Valentine’s Day for ‘Smug Marrieds’

Valentine’s Day for ‘Smug Marrieds’

 I watched Bridget Jones’ Diary again the other night.  There are, to be honest, some films I could watch over and over again.  These include the Bridget Jones films and anything directed by Richard Curtis.  (OK, and anything with Hugh Grant in it.  Oh, and Patrick Swayze.  And Colin Firth..)

Anyway, I am a lover of light-weight romantic films and proud to admit it.

 I do love the scene where Bridget is invited to a supper party with the ‘smug- marrieds’, quizzing her about why she is still single in her thirties.   With Valentine’s Day upon us today, I got to thinking how this celebration has now widened its net to include smug-marrieds everywhere.  Not as it used to be years ago, when I was a schoolgirl, and it was just unrequited single people sending an anonymous card to their secret passion and hoping they guessed who it was from.  (Or, you were the only person in your fourth year class not to get a Valentine’s Card and had to send one to yourself… were you that person too? I know, Character building!) 

Even longer ago, in the 19th century, according to an article in the Mail on Sunday by Chris Hastings, last weekend, ‘Vicious Valentines’ were sent by embittered ex lovers, with the aim of upsetting the recipient or, even nastier, making snide innuendos to stir up trouble between a couple who were still together.

 The current 21st century, blanket coverage of Valentine’s cards is good news, surely. Yes, you could call it commercialisation, a bit like Christmas now starting in September. But I think that anything that encourages us to revive the romance in our long-term relationships has to be a good thing, right?  Complacency is the silent marriage destroyer.   Valentine’s Day is the perfect excuse to forget the petty irritations; how your husband disappears to the pub after work three nights a week and never puts his dirty socks in the washing basket, how your wife runs up huge phone bills talking inanities to her relations and takes two hours to get ready to go out anywhere.  It is the excuse to remember why you wanted to be together in the first place.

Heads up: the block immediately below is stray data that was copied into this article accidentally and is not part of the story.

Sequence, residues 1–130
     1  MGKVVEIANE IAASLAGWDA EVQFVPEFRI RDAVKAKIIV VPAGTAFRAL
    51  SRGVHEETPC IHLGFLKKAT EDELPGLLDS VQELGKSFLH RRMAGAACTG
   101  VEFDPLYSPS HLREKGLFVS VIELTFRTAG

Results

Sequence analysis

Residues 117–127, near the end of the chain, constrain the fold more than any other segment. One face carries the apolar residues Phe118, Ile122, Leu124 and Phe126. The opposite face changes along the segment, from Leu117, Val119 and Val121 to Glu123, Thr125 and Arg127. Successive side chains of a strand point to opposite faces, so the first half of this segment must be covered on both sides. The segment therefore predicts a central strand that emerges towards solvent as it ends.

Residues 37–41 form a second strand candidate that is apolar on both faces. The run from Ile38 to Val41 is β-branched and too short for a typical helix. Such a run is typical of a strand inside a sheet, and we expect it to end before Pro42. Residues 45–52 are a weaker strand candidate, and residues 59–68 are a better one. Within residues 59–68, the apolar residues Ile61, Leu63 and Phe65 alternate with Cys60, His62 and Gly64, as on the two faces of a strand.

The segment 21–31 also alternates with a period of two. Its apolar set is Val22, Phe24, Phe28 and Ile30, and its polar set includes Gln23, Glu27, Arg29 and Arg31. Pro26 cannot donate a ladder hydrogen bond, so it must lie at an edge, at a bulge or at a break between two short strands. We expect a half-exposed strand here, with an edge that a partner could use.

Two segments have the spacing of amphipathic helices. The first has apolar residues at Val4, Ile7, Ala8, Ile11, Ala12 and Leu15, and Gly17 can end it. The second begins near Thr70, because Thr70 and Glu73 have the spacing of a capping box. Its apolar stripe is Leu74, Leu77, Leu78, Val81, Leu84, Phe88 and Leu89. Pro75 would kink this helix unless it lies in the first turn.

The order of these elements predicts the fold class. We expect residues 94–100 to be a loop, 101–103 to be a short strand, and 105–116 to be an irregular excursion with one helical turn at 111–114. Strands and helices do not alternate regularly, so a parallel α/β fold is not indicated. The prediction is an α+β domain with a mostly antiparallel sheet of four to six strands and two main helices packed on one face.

Our current Prime Minister David Cameron has announced to the Press that he has a weekly ‘date night’ with his wife Samantha.  I like this idea very much. In fact, I wonder if the divorce rate would be lower if Valentine’s Day for the smug-marrieds was once a week, not once a year.  Red roses, soppy cards, candles on the table and an aphrodisiac meal for two.  Maybe that’s just what we smug-marrieds need, at least once a week, to arrest the deadly decline into complacency, into taking love for granted.

 Let me know what you think,

How do you keep or revive the romance in your relationship?

 I’d love to hear from you!

 Rosie

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About Rosalie Ash

Rosalie Ash is a member of the Society of Authors and the Romantic Novelists Association. Between 1989 and 1999 she wrote 21 successful contemporary romance novels, published by Harlequin Mills & Boon. She then decided to drag herself out of her romantic bubble into the world of work. Now, over a decade on, she has started writing romantic fiction again, as well her latest passion, children's picture books for age 3-5, and she is now a member of SCBWI-UK (Society of Children's Book Writers and Illustrators, UK).
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